“The idea of European unification was the idea of peace after centuries of horrendous bloodshed,” she said.

“The founding fathers found a way to come together and it was manifested in the Treaty of Rome almost 60 years ago. For the future, we should not take this for granted.

“We can all see that we are living in a world of turmoil.”

Mrs Merkel has invited EU president Donald Tusk, French president Francois Hollande and Italian premier Matteo Renzi to a meeting in Berlin on Monday ahead of a previously scheduled EU summit.

According to a translation of her remarks, which were delivered in German, Mrs Merkel said her country had a “specific interest and a specific responsibility” for European integration to succeed.

She said: “The European Union is strong enough in order to find the right answers to today.”

There was a “clearly designed process” for a country to leave the EU, with “many years” of negotiations, she said.

“While the negotiations take place, Great Britain remains a member of the EU. All rights and all obligations that are a result of the membership will still be in effect until the membership is totally removed.

“That remains in place for all parties.”

She added that the objective should be for co-operation and partnership with Britain to continue “as closely as possible”.

The German government’s main focus would be on the “safety” and “prosperity” of EU citizens.

She added: “The European Union is strong enough in order to find the right answers to today.”

Rotheram calls for unity

What do you think of this? Agree?

How do I get an Irish passport?

Now that the UK has left the European Union some Liverpool remainers will be looking to our historic links with Ireland to see if they can get back in.

Being an EU citizen carries with it certain benefits which with our exit we look like losing over the next few years.

People with an EU passport are allowed to move freely and reside anywhere in the union.

They are entitled to work in any of the member states without needing a work permit.

And they get an EHIC card when they travel to Europe which can be used to access free healthcare.

So here is how you can get an Irish passport.

New landscape and a new leader

Here are the five key contenders to become the next PM after David Cameron steps down in October...

Merseyside vote share

Breakdown of the Merseyside EU referendum vote
Breakdown of the Merseyside EU referendum vote

More PLP pressure on Corbyn

Corbyn in a tent

This picture was taken around the time David Cameron was making his speech outside Downing Street. Would be interesting to know what was going through Jeremy Corbyn’s mind at that point

Jeremy Corbyn MP, leader of the Labour Party, is interviewed near the Houses of Parliament. (Photo by Rob Stothard/Getty Images)
Jeremy Corbyn MP, leader of the Labour Party, is interviewed near the Houses of Parliament. (Photo by Rob Stothard/Getty Images)

That Corbyn no confidence motion

Margaret Hodge and Ann Coffey are two long-serving and respected MPs in the Parliamentary Labour Party. Both nominated Liz Kendall for the leadership last year. Figures from closer to the centre and soft left of the party may need to break cover for the plot to bring down Jeremy Corbyn to gain momentum.

The picture around Britain

  • 28 out of 33 areas in London backed Remain with 60% of the vote
  • All 32 areas in Scotland backed Remain with a total of 62% of the vote
  • 17 out of 22 areas in Wales backed Brexit to the shock of campaigners in Labour heartlands. Overall the victory for Leave was slim in Wales with 52.5%.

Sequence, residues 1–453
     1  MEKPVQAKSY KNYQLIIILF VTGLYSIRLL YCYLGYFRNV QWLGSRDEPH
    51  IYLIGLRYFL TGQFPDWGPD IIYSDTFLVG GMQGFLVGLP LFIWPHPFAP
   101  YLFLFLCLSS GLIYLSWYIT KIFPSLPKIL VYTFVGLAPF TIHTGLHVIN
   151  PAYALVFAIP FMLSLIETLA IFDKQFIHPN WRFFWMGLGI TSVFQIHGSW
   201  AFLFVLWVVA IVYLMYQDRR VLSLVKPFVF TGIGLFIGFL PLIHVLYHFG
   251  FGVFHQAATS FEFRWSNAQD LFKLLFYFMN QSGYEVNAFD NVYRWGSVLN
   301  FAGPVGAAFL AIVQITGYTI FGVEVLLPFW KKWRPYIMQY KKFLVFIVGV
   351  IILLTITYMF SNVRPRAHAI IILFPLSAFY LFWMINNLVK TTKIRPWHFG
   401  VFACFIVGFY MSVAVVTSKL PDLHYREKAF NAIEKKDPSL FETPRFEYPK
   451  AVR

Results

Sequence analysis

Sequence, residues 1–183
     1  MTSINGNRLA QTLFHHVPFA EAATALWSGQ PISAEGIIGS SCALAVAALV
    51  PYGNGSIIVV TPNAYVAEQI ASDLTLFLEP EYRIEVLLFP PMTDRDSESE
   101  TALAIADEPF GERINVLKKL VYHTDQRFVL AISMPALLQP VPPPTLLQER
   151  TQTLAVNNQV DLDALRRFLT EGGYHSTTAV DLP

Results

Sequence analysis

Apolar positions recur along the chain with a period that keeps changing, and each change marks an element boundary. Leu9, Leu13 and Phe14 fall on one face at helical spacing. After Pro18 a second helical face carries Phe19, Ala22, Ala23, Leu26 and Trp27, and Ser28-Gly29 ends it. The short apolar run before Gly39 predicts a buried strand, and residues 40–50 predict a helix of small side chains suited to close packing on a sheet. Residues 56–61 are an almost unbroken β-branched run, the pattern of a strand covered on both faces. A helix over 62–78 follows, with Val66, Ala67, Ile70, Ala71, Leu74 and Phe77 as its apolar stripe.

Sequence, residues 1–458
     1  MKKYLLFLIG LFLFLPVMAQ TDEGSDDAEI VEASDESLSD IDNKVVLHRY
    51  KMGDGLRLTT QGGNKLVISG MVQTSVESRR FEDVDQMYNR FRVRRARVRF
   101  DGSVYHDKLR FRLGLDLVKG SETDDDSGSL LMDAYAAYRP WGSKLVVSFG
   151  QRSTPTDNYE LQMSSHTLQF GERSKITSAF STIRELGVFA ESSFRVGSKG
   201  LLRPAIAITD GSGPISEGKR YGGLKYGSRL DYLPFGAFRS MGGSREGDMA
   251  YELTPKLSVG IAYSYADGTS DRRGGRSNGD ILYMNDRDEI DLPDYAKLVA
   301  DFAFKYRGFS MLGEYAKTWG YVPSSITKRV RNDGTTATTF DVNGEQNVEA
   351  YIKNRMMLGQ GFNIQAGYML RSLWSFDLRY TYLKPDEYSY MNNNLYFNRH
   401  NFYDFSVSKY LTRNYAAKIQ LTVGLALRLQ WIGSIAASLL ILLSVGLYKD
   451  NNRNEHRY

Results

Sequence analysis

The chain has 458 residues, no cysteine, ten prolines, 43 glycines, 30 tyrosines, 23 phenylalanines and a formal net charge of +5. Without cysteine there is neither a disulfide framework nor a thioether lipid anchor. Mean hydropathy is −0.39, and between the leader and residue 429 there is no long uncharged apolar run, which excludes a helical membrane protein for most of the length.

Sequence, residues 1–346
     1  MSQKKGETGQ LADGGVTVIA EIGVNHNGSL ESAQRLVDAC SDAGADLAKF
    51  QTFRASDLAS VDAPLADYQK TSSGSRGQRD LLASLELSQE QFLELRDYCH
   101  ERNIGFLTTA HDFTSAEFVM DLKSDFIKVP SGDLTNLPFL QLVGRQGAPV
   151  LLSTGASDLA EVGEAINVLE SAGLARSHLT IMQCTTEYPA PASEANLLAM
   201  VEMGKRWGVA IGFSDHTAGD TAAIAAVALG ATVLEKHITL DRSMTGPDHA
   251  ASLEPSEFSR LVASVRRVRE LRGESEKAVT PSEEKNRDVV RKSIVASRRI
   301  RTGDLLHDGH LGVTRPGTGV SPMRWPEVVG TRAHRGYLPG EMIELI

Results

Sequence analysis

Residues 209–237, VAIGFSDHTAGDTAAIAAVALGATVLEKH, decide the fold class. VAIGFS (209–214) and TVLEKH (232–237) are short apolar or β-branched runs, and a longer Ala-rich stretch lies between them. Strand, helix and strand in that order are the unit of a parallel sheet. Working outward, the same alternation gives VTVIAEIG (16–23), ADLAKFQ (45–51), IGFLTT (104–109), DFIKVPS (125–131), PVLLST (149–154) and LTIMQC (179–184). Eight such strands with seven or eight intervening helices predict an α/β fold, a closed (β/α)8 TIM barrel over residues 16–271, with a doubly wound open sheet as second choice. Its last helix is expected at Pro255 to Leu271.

• More than a million people voted in Northern Ireland, which backed Remain with 56% of the vote.
  • Leave pulled off a shock triumph in Birmingham with 50.5% of the vote.
  • Leave also won in other Labour heartlands including Sunderland, Birmingham, Sheffield, Swansea,Darlington, Rotherham, Coventry and Stockton.
  • Remain won in big cities including Liverpool, Leeds, Glasgow and Edinburgh but turnout was not high enough to give Leave momentum.
  • Vote of no confidence for Corbyn

    One of his MPs has already said he should resign, things are not looking good for the Labour leader.

    A sad prediction of the future?

    Liverpool comedian John Bishop seems to have struck a chord with Remain tweeters with his prediction being retweeted over 7,000 times.

    St Helens North MP reacts to EU result

    Conor McGinn MP statement on the EU referendum result

    I respect the result of the referendum, both nationally and in St Helens. Naturally, I am disappointed with the outcome and worried about it means for our country’s future.

    Our people and the country are divided. Therefore, all of us in positions of responsibility and leadership now have a duty to pull together and do what is right for the country and the people we represent.

    The UK now faces a period of uncertainty and unprecedented challenge. It will affect every person, every family and every community, including here in St Helens.

    My priority is continuing to work hard doing the job I love and am so proud to have, representing all of the people of St Helens North as their Member of Parliament.

    What is Article 50?

    So, you have heard the politicians talking about it and you know it has something to do with Brexit, but what is Article 50?


    Article 50 of the 2007 Lisbon Treaty envisages a two-year negotiation to draw up a withdrawal agreement.

    If no deal is reached - and any of the other 27 states block an extension of talks - the EU treaties simply cease to apply to the state in question at the end of the period, leaving it to operate under international rules set by bodies such as the World Trade Organisation (WTO).

    And there’s a further catch: the final deal has to be agreed by EU leaders via a qualified majority vote, a majority in the European Parliament and by the remaining 27 national parliaments across the EU.

    Anyone could block the deal if they dislike the terms given to the UK and other EU countries may be in no mood to be generous.

    There is dispute as to whether Article 50 is irreversible.

    Some say the wording makes it a one way street - that once you have said you will leave there is no turning back.

    Others believe the UK could have the freedom, if it cannot get a decent deal, to go back to the country for a second referendum.